Birds are bipedal, warm-blooded, egg-laying vertebrates characterized primarily by feathers, forelimbs modified as wings, and hollow bones. There are almost 9000 known species of birds in the world.
irds range in size from the tiny hummingbirds to the huge Ostrich and Emu.
Although most birds are characterised by flight, the ratites are flightless, and several other species, particularly on islands, have also lost this ability. Flightless birds include the penguins, Ostrich, kiwi, and the extinct Dodo. Flightless species are vulnerable to extinction when humans or the mammals they introduce arrive in their habitat, for example the Great Auk, flightless rails, and the moa of New Zealand.
Birds are a very differentiated class, with some feeding on nectar, seeds, insects, rodents, fish, carrion, or other birds. Most birds are diurnal, or active during the day. Some birds, such as the owls and nightjars are nocturnal or crepuscular (active during twilight hours). Many birds migrate long distances to utilise optimum habitats (e.g., Arctic Tern) while others spend almost all their time at sea (e.g. the Wandering Albatross).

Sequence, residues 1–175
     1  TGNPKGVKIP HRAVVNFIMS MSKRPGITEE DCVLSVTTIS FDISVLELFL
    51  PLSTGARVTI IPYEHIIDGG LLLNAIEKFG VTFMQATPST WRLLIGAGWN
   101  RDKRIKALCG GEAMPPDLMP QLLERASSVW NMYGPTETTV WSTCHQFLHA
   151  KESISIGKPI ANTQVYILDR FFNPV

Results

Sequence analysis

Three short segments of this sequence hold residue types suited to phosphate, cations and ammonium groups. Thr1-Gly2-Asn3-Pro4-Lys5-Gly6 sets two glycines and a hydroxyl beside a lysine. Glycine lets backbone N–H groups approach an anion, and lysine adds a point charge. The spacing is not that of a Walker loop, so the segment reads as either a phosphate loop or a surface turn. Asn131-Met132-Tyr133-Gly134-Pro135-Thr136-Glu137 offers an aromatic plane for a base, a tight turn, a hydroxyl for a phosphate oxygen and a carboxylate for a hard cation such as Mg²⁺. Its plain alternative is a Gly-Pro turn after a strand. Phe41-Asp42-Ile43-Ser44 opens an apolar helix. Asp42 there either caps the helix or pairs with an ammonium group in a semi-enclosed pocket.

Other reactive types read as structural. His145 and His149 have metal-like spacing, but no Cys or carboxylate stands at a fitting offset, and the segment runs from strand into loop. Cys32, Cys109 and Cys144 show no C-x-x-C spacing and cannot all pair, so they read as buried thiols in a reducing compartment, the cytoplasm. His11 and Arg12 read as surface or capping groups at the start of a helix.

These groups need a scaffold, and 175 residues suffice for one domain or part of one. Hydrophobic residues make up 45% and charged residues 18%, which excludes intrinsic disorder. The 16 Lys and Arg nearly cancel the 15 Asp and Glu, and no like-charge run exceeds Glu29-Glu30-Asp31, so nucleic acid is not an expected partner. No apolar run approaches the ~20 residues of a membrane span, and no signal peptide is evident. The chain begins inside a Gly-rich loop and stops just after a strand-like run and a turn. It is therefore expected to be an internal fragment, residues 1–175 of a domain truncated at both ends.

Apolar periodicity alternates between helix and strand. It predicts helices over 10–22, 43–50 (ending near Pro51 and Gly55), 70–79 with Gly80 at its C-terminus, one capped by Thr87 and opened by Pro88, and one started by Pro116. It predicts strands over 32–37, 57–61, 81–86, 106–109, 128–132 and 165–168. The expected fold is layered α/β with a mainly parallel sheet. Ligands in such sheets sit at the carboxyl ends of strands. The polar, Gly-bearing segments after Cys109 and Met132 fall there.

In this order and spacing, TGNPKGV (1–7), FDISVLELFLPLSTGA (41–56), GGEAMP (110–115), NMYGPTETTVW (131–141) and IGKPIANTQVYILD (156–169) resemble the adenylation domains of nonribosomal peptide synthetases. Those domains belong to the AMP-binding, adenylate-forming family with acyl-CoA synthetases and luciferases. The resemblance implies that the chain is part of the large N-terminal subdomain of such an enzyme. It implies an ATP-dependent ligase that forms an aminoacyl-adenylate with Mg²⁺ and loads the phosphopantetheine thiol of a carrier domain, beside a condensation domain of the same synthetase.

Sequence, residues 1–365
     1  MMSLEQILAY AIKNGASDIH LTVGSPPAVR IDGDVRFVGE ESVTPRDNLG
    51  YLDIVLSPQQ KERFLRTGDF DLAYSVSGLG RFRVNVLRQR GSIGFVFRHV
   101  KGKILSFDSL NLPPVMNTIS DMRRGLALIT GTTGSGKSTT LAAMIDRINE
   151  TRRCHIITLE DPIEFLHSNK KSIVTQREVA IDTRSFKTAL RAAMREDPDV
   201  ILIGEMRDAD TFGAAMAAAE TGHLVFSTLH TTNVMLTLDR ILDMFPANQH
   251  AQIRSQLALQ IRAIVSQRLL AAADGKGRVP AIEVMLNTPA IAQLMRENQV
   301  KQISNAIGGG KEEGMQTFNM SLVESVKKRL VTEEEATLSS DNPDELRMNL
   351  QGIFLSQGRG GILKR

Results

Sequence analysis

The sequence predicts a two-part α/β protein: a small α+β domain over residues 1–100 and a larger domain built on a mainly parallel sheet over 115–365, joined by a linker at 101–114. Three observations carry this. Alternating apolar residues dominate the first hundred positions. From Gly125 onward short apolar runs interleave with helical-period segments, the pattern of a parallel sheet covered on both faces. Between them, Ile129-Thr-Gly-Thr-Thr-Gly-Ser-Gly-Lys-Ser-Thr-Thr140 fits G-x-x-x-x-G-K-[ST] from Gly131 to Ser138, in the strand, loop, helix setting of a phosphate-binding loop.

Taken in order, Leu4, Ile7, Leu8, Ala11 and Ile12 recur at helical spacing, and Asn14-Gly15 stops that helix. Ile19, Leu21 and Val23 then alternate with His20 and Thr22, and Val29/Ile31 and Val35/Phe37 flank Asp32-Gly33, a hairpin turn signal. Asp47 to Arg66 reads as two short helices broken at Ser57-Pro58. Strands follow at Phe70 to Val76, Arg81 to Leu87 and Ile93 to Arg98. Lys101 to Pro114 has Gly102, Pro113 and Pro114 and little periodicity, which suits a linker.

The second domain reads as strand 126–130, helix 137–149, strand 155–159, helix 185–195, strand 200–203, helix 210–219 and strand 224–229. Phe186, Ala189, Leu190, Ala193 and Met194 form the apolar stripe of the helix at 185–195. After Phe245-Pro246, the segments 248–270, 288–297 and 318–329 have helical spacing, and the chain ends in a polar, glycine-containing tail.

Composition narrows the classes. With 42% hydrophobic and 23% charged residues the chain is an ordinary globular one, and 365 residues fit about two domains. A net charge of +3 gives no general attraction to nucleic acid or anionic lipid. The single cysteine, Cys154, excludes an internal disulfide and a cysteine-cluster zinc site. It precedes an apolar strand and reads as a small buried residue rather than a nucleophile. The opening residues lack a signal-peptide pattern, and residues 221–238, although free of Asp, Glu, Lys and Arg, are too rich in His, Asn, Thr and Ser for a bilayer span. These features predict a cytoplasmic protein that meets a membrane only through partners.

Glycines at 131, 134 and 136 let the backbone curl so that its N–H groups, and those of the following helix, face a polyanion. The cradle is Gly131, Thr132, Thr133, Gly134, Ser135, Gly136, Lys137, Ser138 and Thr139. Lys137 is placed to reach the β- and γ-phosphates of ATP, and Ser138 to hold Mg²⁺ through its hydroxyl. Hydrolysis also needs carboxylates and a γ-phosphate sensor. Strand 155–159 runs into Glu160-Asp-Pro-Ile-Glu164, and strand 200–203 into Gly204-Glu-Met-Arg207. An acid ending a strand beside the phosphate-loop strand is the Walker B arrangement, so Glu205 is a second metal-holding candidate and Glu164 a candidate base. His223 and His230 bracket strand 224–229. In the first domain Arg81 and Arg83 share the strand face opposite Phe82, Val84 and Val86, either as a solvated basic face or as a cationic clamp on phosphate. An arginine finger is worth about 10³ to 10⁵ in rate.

Common characteristics of birds are the ability to fly using feathered wings, a bony beak with no teeth, the laying of hard-shelled eggs, high metabolic rate, and a light but strong skeleton. Birds are among the most extensively studied animal groups, with hundreds of academic journals devoted to their study.
To preen or groom their feathers, birds use their bills to brush away foreign particles.
The birds of a region are called the avifauna.